Reconsidering the place of disease monitoring after treatment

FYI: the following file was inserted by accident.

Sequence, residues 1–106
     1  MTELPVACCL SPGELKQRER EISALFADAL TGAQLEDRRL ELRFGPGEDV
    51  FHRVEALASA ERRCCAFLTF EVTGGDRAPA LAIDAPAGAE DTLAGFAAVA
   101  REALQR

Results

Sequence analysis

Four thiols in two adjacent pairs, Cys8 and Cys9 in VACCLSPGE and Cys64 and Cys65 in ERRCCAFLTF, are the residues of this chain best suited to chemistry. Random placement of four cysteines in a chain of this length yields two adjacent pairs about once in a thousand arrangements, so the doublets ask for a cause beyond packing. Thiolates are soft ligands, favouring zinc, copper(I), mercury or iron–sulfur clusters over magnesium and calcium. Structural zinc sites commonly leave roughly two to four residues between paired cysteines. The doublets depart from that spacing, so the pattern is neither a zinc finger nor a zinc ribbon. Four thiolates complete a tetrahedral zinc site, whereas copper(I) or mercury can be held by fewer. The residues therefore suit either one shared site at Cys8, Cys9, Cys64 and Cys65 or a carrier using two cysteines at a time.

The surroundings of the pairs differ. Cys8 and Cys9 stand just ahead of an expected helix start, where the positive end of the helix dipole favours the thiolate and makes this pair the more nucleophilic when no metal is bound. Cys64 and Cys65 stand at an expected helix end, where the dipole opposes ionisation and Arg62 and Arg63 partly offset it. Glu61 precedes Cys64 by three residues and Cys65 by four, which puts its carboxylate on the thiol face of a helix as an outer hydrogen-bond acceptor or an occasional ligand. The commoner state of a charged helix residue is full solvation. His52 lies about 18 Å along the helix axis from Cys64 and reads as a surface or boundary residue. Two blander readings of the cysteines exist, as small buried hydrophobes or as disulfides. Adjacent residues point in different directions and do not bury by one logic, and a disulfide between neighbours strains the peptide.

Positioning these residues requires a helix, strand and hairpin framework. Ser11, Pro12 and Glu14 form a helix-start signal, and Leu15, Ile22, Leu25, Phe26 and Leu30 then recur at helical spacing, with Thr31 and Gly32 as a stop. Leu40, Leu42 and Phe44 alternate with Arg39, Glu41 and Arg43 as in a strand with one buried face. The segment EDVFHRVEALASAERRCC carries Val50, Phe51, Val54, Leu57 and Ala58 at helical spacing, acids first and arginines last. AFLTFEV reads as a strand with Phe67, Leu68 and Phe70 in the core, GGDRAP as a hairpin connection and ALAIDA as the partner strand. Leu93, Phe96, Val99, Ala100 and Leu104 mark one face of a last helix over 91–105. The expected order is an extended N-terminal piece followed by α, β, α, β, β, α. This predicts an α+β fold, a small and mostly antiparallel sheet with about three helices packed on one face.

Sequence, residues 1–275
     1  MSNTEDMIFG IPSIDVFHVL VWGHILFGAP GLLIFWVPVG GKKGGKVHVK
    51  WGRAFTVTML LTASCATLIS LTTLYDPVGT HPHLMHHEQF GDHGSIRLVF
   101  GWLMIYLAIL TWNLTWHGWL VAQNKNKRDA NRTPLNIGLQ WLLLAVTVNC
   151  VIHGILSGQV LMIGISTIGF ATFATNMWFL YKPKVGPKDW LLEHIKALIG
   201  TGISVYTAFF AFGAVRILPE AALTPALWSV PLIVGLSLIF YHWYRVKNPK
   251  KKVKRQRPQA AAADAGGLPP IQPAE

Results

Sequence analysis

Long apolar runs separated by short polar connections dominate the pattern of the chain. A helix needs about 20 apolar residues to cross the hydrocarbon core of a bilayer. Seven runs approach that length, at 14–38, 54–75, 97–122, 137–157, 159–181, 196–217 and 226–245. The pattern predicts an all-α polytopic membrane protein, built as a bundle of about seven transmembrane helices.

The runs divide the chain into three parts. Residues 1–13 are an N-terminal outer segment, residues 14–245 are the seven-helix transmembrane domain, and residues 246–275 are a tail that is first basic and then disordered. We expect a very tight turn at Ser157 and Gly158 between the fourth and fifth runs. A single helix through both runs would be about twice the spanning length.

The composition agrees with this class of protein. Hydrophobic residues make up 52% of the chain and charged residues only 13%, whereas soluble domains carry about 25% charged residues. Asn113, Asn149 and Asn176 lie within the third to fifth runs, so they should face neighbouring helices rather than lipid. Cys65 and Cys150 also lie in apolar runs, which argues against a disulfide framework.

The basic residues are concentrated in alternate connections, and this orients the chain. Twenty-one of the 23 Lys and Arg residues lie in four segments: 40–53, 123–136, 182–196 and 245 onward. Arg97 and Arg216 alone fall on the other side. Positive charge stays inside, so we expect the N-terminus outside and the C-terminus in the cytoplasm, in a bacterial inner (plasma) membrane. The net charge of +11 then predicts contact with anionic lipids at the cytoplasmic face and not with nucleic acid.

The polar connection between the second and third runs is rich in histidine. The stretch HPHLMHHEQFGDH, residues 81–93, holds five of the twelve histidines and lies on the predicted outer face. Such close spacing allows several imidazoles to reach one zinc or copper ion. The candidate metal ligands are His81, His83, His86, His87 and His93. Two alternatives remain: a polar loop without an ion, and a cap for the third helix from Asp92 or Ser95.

Women who have completed primary chemotherapy for ovarian cancer commonly have serial assessment of the serum tumour marker cancer antigen 125 (CA-125).1 This practice has been based on the proven utility of CA-125 in diagnostic algorithms and as a marker of response to therapy. Serial CA-125 assessment is also used because there is evidence that in women who have completed treatment for ovarian cancer, the serum CA-125 rises 2–6 months before symptoms or signs of relapse develop. The assumption underlying this and other similar studies is that serial monitoring of CA-125 would enable early diagnosis and treatment of relapse. This would thus lead to delay or reduction of cancer-related symptoms, psychological reassurance and, in theory, improved survival.1
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